Skip to main content

Claiming to be the world’s fastest, this SSD just raised over $1.2 million

Image used with permission by copyright holder

Gigadrive’s portable external solid-state drive could be a revolutionary game-changer for gamers. While traditional external SSDs promise to boost your storage capacity in a simple and affordable way, the downside is that these drives are often hampered by speed bottlenecks, making them slower than internal drives. However, by leveraging the connection speeds of Thunderbolt 4 and USB4, Gigadrive aims to eliminate any speed bottleneck, making it faster to write to and read from the external drive.

Gigadrive’s external SSD boasts read and write speeds of up to 2,800MBps, which is almost as fast as some of the fastest internal PCIe Gen 3.0 NVMe M.2 SSDs. With these speeds, your gaming rig can readily — and quickly — access game files and assets stored on the external drive without any noticeable slowdowns. For comparison, PCIe Gen 3.0 drives can reach up to 3,500MBps speeds, while newer PCIe Gen 4.0-based drives can reach up to 7,000MBps.

The engineering team behind Gigadrive has made it possible to level up the best read and write speeds on the market to 2,800MBps — a milestone unreachable for any other external SSD,” the company said of its external drive, which is now offered to consumers in a crowdfunding campaign. Based on these promises, Gigadrive’s SSD blew past its funding goal in under one hour after going live on Indiegogo, and to date, the company has raised more than $1.2 million with seven days left of its campaign. 

The drive can be used with any Mac or PC with Thunderbolt 3 and Thunderbolt 4 ports, tablets, smartphones, and even game consoles, according to Gigadrive. And given Thunderbolt 4 support, GigaDrive will be a great companion to owners of the new M1-powered iPad Pro. The company stated that the external SSD can be used with any device with a USB-A or USB-C port.

The Gigadrive external SSD ships with its own enclosure in storage capacities of 1TB, 2TB, 4TB, and 8TB options. The design comes with built-in heatsinks in a durable and rugged design, Gigadrive explained on Indiegogo.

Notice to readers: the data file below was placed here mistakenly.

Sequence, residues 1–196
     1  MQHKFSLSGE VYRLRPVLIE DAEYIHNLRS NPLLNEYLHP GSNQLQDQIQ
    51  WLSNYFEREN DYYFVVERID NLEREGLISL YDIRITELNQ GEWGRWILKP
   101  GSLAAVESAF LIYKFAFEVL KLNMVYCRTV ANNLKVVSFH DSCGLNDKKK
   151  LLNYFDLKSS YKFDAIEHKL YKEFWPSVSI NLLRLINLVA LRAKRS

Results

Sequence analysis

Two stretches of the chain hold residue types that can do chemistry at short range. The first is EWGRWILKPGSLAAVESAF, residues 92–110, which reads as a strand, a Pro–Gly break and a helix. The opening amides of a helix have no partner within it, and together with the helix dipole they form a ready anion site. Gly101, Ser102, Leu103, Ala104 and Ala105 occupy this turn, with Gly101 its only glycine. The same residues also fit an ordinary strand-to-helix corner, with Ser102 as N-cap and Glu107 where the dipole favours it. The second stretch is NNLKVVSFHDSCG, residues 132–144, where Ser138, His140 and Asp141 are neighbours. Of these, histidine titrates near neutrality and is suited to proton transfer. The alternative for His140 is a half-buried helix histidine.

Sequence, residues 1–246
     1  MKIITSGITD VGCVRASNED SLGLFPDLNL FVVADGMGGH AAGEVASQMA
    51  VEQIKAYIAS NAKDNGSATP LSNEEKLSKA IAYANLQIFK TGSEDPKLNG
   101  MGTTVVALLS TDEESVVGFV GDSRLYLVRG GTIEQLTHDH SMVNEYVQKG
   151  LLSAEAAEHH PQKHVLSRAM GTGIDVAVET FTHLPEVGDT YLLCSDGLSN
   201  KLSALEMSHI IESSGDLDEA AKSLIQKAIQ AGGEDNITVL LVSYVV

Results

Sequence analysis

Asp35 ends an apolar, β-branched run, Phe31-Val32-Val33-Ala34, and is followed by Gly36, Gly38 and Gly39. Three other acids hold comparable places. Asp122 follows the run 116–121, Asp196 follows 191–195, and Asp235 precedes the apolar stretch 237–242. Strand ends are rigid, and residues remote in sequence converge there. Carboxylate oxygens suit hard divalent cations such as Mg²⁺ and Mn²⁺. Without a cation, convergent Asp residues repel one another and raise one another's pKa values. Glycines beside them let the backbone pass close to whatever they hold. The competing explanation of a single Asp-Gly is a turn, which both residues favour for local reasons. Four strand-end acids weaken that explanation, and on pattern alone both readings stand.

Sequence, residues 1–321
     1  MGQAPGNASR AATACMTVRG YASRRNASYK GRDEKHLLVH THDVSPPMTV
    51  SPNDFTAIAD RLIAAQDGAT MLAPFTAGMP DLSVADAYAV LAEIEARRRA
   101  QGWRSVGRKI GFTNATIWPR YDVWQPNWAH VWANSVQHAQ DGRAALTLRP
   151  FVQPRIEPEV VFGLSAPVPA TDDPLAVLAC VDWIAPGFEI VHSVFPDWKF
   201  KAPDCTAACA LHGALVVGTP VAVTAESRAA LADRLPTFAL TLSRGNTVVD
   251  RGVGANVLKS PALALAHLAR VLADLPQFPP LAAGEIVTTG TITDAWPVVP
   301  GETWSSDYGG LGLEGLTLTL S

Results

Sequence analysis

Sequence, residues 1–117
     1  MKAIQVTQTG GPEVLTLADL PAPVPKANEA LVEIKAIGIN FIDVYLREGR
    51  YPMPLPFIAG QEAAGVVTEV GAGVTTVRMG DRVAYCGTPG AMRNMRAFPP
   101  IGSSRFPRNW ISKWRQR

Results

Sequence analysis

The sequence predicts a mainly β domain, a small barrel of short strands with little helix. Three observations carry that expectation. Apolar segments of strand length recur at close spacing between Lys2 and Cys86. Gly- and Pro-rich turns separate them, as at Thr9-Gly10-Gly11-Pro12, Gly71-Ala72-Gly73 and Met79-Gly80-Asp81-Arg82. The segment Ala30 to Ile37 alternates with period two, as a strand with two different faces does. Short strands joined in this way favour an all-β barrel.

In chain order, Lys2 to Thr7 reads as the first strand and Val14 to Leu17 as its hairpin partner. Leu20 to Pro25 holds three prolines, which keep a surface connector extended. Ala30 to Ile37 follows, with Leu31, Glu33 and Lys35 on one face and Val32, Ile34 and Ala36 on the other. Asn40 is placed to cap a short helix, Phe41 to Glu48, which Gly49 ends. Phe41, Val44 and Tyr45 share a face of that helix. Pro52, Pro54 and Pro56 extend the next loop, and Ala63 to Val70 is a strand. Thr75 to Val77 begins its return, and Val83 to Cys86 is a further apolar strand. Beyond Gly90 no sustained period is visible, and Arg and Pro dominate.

Dual thermal pads, optimized surface area, and built-in heatsinks provide advanced heat control to GigaDrive,” the company said of the drive’s design. The enclosure is said to be IP67-rated for dust, water, and shock, and the case is made of aluminum to help with heat dissipation. 

And as part of the initial crowdfunding campaign, the company is offering as much as a 50% discount. The 1TB drive, which is expected to retail for $299, is now $153 on Indiegogo, with worldwide shipping available. The 8TB drive costs $729 during the crowdfunding campaign, but prices are expected to go up to $1,399 at retail.

Editors' Recommendations

Chuong Nguyen
Silicon Valley-based technology reporter and Giants baseball fan who splits his time between Northern California and Southern…
What is an SSD?
OCZ SATA SSD

With lower failure rates and a potentially longer life span, many people These days choose solid-state drives (SSDs) over mechanical hard drives. 

For anyone in the market for a new computer or an SSD, there are some things you should know before you spend a bunch of money. Our SSD guide will give you a better idea of how these drives work, what their advantages are, and what distinguishes different types of SSDs.
What is a solid-state drive?

Read more
How to do hanging indent on Google Docs
Google Docs in Firefox on a MacBook.

The hanging indent is a classic staple of word processing software. One such platform is Google Docs, which is completely free to start using. Google Docs is packed with all kinds of features and settings, to the point where some of its more basic capabilities are overlooked. Sure, there are plenty of interface elements you may never use, but something as useful as the hanging indent option should receive some kind of limelight.

Read more
How to disable VBS in Windows 11 to improve gaming
Highlighting VBS is disabled in Windows 11.

Windows 11's Virtualization Based Security features have been shown to have some impact on gaming performance — even if it isn't drastic. While you will be putting your system more at risk, if you're looking to min-max your gaming PC's performance, you can always disable it. Just follow the steps below to disable VBS in a few quick clicks.

Plus, later in this guide, we discuss if disabling VBS is really worth it, what you'd be losing if you choose to disable it, and other options for boosting your PCs gaming performance that don't necessarily involve messing with VBS.

Read more